Therefore, less than a year after the government's establishment, we decided to erect the fence, allocate funds for it and complete its construction from Gaza to Eilat. This fence will be completed in several months of extraordinary work. I go down there every few months with my military secretary, Johanan Locker, who played an important role in expediting and pushing the system, but today, the systems is already pushing itself.
My policy with regard to the illegal infiltrators seeking work is clear - first to stop their entry with the fence, while at the same time deporting the infiltrators who are in Israel. We will begin by deporting the South Sudanese infiltrators dependent on the court's approval, which I hope we will receive over the next several days. Later, we will continue with other groups.
It is important to understand that international law makes deportation very difficult. It states that if one wants to return illegal infiltrators to their countries of origin, one needs the approval of the country. If one wants to return them or deport them to a third country, one must obtain the country's approval. In both cases, one must ensure that no harm comes to them; in other words, that the conditions in the country do not threaten their lives. In order to uphold this condition, we are in contact with many countries. It is not a matter that can be resolved overnight, but unlike what I read today, it is also not a problem with no solution and no action to be taken.
It is true that if we had not decided to erect the fence two years ago, then we would not be dealing with 60,000 illegal infiltrators; within several years we would be dealing with 600,000 - the problem would be magnified by a factor of ten. So first of all, we are stopping them, and although it is difficult and it is not a problem that can be solved overnight, we can deport them and we will. Just as we solved other problems, we will solve this problem methodically and responsibly, in accordance with international agreements.
I am aware of the distress suffered by the residents of South Tel Aviv and Eilat. I visited them and spoke with them, and with the residents of Arad and of other communities and cities in Israel suffering from this problem. However, I reiterate my call to public figures and to the residents to show restraint and act responsibly. We are a moral people and we will act accordingly. We denounce violence; we denounce invective; we respect human rights. Refugees have rights and we respect them.
People who do not have the right to be here still have certain rights, and we respect those too, but we will deport them according to the law, responsibly. We will not lose our humanity and we will not deprive anyone of their humanity. However, at the same time, we will not accept a reality in which infiltrators from an entire continent come here en masse to work. We are committed to defending our borders in order to defend the future of the State of Israel as a Jewish and democratic country.
Ladies and Gentlemen,
There are people who, when they hear about these threats that I outlined, do not think that we should devote most of our efforts to thwarting them. They think that we do not have to concentrate so much effort against a nuclear Iran, or against the missile threat or the cyber threat or the breach of our borders. They claim that if we just sign a peace agreement with the Palestinians, everything will fall into place and that somehow things will work out. I do not share this opinion.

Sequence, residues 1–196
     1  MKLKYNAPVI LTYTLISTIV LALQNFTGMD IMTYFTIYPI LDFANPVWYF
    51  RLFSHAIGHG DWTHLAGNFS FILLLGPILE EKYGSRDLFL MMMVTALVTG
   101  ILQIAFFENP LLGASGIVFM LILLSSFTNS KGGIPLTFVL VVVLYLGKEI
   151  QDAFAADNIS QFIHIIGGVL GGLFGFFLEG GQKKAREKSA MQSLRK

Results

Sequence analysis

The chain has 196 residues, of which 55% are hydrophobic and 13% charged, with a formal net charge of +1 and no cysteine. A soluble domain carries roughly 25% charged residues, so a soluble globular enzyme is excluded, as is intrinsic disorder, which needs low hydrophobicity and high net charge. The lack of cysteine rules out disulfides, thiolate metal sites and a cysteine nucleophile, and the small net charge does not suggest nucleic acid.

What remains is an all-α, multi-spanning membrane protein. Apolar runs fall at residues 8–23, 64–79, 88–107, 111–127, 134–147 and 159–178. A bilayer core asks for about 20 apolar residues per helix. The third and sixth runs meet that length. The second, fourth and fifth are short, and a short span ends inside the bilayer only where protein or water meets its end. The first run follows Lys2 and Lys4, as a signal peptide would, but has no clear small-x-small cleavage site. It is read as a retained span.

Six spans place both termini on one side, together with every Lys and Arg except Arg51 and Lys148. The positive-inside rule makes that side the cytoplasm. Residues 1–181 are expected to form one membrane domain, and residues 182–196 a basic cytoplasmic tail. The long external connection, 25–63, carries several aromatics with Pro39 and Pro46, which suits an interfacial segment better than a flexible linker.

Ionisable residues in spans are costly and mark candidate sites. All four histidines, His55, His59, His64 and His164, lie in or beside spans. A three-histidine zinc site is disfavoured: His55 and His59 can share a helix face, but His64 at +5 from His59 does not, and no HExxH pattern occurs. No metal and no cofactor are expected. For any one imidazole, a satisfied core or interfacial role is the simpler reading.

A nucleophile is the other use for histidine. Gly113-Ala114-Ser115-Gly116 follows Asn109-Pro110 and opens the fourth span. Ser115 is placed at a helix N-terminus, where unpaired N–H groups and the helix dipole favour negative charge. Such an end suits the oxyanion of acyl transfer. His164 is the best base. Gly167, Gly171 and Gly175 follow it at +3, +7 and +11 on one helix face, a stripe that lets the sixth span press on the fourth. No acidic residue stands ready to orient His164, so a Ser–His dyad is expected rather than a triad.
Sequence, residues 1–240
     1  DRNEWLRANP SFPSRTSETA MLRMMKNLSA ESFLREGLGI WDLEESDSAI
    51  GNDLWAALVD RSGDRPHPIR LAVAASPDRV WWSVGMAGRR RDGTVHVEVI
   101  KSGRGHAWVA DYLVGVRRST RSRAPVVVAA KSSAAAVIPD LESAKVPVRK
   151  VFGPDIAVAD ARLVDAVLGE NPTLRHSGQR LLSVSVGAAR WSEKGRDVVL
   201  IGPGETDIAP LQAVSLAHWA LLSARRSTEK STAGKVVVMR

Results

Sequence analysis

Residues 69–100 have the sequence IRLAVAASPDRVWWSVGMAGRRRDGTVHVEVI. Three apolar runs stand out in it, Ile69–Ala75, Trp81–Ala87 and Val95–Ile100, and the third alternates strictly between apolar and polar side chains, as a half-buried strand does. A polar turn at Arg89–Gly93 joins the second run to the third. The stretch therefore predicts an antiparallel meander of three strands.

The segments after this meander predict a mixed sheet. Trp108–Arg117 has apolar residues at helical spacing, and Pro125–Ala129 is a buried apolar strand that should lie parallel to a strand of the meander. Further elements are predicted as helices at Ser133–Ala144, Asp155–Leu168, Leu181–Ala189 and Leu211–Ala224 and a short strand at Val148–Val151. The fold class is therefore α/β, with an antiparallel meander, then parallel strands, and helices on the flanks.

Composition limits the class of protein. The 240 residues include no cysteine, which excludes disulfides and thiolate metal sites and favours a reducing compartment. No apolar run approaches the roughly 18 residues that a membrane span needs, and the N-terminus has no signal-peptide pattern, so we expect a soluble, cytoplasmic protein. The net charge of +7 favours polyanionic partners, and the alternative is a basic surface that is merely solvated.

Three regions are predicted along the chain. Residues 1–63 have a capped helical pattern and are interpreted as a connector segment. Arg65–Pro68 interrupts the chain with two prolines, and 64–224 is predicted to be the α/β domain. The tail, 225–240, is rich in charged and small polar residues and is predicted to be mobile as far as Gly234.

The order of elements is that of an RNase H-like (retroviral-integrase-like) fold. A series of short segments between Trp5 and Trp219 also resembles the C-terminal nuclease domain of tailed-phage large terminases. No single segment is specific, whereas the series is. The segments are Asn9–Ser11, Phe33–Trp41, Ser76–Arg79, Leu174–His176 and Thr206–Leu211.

Once people told us that if we only solved the Syria problem everything would work out, do you remember that? That same Syria is currently slaughtering its people with horrible brutality, with, of course, the assistance of Iran and Hizbullah - real assistance, not just political support: assistance in murder. Well, I do not share that opinion. We do not share that opinion about Syria, but we do share the opinion that we need to act simultaneously against the threats, while at the same time trying to advance the peace process with the Palestinians. We strive for peace with our Palestinian neighbors at the same time that we are thwarting the threats against our security. These actions do not conflict. On the contrary, they are complementary.
The great American historian and gifted author Will Durant expressed my approach to ensuring our existence well. In 1968, towards the end of his life he wrote a small book of 100 pages, which he called, The Lessons in History. In it, he wrote, "These faiths and Christianity assured their followers that the good spirit would win in the end, but of this consummation history offers no guarantee. Nature and history do not agree with our conceptions of good or bad; they define good as that which survives, and bad as that which goes under; and the universe has no prejudice." Later on, he writes, "In the present inadequacy of international law and sentiment a nation must be ready at any moment to defend itself and when its essential interests are involved it must be allowed to use any means it considers essential to its survival." He wrote this in 1968.
My friends, I thank you for this opportunity to present you the principles that guide me in ensuring the existence and future of the State of Israel in security and peace.